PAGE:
Abstract: The notion of place is integral to any understanding of cultural sustainability. Present and future places are the product of the political negotiations of past places. How we recreate and represent the history and the stories of a place impacts the individual and collective cultural identities associated with it. Moreover, these representations help to determine who does, or does not, belong. When planning for the sustainment of cultures, we need to draw on our ethical responsibility to ensure that everybody and every culture enjoys the right to a sense of belonging. To do this, we must turn to questions such as, whose story is primarily being represented through the identity of a particular place? Or, whose place is being replaced and reimagined without acknowledgement or permission? And how will these communities and individuals, whose stories are not amplified, become sustainable? To respond to some of these questions, this article presents an analysis of placemaking on the Gold Coast. It sketches insights from cultural practitioners, industry leaders, cultural workers and the community- at-large, to expose heterogeneous Gold Coasts wrestling with the one identity. Most notably, it documents the emergence of a cultural voice that is developing via artist-run spaces involving joint collaborations between the academy and the community. By adopting transdisciplinarity alongside an historical approach to conversation, this article also suggests some alternative ways to develop policies that fosters and sustains multiple cultures, rather than just reproducing more of the same.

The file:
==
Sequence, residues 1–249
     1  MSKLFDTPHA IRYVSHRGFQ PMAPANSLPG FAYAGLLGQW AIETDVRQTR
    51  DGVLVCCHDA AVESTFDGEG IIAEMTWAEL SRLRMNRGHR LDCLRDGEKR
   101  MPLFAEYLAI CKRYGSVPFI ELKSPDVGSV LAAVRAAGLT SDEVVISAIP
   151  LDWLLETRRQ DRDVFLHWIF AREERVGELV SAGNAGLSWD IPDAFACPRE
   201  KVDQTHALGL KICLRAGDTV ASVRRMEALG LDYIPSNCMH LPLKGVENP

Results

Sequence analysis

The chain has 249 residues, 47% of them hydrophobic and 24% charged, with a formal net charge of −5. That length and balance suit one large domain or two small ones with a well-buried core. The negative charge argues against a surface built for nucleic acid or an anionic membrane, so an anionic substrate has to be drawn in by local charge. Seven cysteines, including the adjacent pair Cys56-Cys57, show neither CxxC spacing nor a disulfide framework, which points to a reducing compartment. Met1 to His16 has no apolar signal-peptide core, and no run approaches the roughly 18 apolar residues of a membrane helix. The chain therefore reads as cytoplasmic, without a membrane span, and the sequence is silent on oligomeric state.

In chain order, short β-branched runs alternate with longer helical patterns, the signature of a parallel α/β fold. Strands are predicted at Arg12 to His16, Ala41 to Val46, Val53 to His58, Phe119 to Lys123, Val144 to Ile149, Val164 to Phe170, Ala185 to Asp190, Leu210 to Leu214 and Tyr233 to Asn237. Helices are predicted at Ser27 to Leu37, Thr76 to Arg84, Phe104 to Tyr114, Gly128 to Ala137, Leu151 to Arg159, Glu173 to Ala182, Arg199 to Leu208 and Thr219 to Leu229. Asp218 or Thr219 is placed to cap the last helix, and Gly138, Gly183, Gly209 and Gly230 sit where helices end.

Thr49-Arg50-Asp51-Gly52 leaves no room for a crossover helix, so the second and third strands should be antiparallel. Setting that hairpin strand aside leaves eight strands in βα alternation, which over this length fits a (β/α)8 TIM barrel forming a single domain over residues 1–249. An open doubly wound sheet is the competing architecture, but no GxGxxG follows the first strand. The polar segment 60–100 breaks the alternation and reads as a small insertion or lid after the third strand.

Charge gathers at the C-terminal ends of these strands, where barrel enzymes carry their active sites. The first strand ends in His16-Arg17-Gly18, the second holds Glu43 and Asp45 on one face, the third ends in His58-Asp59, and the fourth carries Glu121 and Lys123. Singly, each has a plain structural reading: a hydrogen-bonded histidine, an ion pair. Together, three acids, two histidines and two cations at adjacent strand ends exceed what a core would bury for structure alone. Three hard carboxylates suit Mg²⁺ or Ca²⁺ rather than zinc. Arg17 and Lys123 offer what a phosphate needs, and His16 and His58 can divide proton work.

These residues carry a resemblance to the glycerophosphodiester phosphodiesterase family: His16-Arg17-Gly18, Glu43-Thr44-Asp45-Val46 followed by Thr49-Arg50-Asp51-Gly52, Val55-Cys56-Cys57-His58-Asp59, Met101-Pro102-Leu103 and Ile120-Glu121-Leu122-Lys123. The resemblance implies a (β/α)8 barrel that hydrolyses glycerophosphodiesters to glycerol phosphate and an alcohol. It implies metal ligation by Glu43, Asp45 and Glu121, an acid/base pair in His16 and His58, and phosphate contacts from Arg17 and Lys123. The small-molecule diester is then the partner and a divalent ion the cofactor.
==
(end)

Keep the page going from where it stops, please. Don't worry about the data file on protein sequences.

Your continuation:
This paper was presented at People and the Planet 2013 at RMIT in July 2013